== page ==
Volkswagen Transporter gets a revamp
Volkswagen’s venerable Transporter (T-Series) — better known in SA as the Volksiebus — is 70 years old this year, and the original “flower power” kombis today command huge prices among classic-car investors.
In 2015 the sixth generation (T6) Transporter range was launched by VW Commercial Vehicles and now it’s undergone a midlife facelift and technology tweaks. Called the T6.1, and due to go on local sale from January, the upgraded range comprises the Pick Up (Single and Double cab), Panel Van, Crew Bus, Kombi, Caravelle and California.
The cosmetic treatment sees the snout restyled with new headlights and a larger grille that blends more naturally with the new bumper. Along with LED daytime running lights, the headlights are also LEDs depending on the specification.
A number of new wheel designs, and new colours in single- and two-tone varieties round off the exterior updates.
Inside, the cabin adopts digitised flair and improved practicality. All T6.1 models have a Composition Colour radio system while the upmarket Caravelle and California have a fancier Discover Pro Media system with navigation. The Caravelle and California also acquire a digital instrument cluster which allows drivers to choose between different screen configurations.
Practicality-wise, an additional shelf provides extra clutter space for the driver and there’s a larger new smartphone tray that optionally has wireless charging.
Adjusting air direction becomes less fiddly with new dashboard vents that can now be adjusted, or opened and closed, using a single slider control.
Electro-mechanical power steering is a new feature that helps reduce fuel consumption and opens up access to new driver assistance systems, which transmits steering commands to the wheels more directly than the old hydraulic system for better agility.
Front-wheel drive and 4Motion four-wheel drive versions of the bus are available, and the latter come with an electronic differential lock (XDS) at the driven front wheels which reduces understeer during fast cornering.
An optional chassis control system allows the driver to set the desired level of suspension firmness using a slider control. The Caravelle I drove at the launch was equipped with this system, which in Comfort mode delivered a very plush ride, while in the Sport suspension setting it felt more nimble in the corners than its size and height would suggest.
Along with stability control, hill-start assist and automatic post-collision braking, a standard feature across the range is Crosswind Assist which automatically stabilises the vehicle in strong gusts by independently braking the wheels, and this is undetected by the driver.
Other model-specific driver assistance systems include hill-descent assist, tyre pressure monitor, lane assist and trailer assist which makes it easier to reverse with a caravan or boat hitched to the back. A reversing camera is also available as a standard or optional feature depending on derivative, as is a 360° bump-protection system that provides visual and audible warnings of any objects around the car.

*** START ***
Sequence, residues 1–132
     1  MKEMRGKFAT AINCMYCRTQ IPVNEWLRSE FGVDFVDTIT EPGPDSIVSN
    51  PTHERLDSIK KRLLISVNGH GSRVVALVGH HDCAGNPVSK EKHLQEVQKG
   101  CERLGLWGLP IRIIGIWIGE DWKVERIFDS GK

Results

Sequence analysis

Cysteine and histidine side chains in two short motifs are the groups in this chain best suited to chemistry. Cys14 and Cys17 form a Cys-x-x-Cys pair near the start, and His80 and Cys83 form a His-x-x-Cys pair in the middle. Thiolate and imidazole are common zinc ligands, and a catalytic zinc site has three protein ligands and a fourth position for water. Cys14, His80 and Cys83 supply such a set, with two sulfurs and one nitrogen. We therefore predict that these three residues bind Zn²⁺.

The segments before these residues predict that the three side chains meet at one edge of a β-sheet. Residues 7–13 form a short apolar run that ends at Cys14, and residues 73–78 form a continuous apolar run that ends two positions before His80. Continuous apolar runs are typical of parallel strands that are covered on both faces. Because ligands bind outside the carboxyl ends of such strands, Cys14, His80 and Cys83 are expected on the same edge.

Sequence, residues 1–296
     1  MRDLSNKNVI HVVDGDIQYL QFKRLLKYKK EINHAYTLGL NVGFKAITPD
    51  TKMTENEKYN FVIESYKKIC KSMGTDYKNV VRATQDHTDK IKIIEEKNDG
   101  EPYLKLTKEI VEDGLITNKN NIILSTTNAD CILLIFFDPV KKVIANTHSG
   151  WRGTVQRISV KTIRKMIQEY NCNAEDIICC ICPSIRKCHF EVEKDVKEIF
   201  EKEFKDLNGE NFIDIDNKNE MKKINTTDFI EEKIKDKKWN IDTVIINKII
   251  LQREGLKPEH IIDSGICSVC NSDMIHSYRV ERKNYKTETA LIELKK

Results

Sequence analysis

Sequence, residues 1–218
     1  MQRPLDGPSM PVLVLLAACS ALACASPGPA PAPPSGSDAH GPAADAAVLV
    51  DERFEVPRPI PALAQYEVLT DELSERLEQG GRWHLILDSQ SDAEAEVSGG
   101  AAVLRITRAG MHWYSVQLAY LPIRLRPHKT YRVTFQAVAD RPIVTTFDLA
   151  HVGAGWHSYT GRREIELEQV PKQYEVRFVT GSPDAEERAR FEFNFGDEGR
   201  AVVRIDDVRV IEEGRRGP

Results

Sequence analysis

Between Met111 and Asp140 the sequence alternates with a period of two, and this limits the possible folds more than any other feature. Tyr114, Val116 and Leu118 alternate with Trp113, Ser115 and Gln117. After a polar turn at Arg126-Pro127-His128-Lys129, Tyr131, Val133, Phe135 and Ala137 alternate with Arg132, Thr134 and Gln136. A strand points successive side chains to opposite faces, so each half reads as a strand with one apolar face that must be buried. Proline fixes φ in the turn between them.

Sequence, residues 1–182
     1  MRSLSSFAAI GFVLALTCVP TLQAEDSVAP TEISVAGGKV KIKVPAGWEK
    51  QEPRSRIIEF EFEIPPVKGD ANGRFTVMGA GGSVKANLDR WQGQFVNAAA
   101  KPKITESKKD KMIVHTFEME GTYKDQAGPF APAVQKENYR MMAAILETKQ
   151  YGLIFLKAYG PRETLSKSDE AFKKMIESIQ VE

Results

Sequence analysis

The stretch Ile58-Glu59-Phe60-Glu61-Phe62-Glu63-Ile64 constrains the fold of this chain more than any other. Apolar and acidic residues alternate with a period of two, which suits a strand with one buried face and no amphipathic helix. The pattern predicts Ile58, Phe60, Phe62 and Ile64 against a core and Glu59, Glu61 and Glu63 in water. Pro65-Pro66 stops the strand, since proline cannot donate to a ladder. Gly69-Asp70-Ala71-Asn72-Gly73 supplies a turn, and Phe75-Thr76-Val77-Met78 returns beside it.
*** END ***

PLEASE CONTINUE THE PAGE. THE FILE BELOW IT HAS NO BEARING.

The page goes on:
A feature that many owners will find useful is Park Assist, a model-specific system offered for the first time on VW’s bus, which automatically steers the big vehicle into parking spaces.
Additional safety is provided by Rear Traffic Alert which warns of oncoming vehicles when reversing out of a parking space.
As before the three-tier line-up comprises the commercial range (Panel Van, Pick Up and five-seater Crew Bus), passenger carriers designed for private use (Caravelle and Kombi), and the camper version (California Coast), in a choice of short and long wheelbases.
The T6.1 Kombi, the best-seller in the range, is offered in two model lines: the Trendline and the top-of-the-range Trendline Plus.
The Caravelle is available as a Highline model with upmarket features like Nappa leather seats, a high end infotainment system and a centre table.
The California Coast is both a camper and a van, and its living and sleeping areas have been optimised.
The T6.1 range will launch with three 2.0l turbo diesel (TDI) engines. The standard version develops 81kW (up from the previous 75kW) and is paired with a five-speed manual transmission.
The middle model produces 110kW and 340Nm, paired with a seven-speed DSG gearbox. I drove the range-topping twin-turbo version which now produces an improved 146kW and 450Nm, and also comes with the seven-speed DSG. It’s a smooth and punchy unit at sea level which briskly picks up pace without turbo lag, and on the open road whisks along with little effort.
Recommended Retail Price as of September 1 2020
T6.1 Pick Up
Single Cab 2.0 TDI 81kW LWB — R412,800
Single Cab 2.0 TDI 110kW 4MOTION DSG LWB — R466,100
Double Cab 2.0 TDI 81kW LWB — R485,300
Double Cab 2.0 BiTDI 146kW 4MOTION DSG LWB — R590,800
T6.1 Panel Van
2.0 TDI 81kW LWB — R530,600
2.0 TDI 110kW DSG LWB — R568,700
T6.1 Crew Bus
2.0 TDI 81kW LWB (10-seater) — R612,000
2.0 TDI 110kW 4MOTION DSG LWB (5-seater) — R639,000
2.0 BiTDI 146kW 4MOTION DSG (5-seater) — R710,500
2.0 BiTDI 146kW 4MOTION DSG LWB (8-seater) — R752,700
2.0 TDI 81kW Trendline — R697,700
2.0 TDI 110kW DSG Trendline — R726,000
2.0 BiTDI 146kW 4MOTION DSG Trendline Plus — R871,800
Highline 2.0 BiTDI 146kW 4MOTION DSG — R1,149,400
California Coast 2.0 BiTDI 146kW 4MOTION DSG — R1,196,500
The Commercial Vehicles Pick Up, Panel Van and Crew Bus range has a three-year/60,000km service plan and two-year/unlimited km warranty.
The Kombi, Caravelle and California range has a five-year/60,000km maintenance plan and a three-year/120,000km warranty.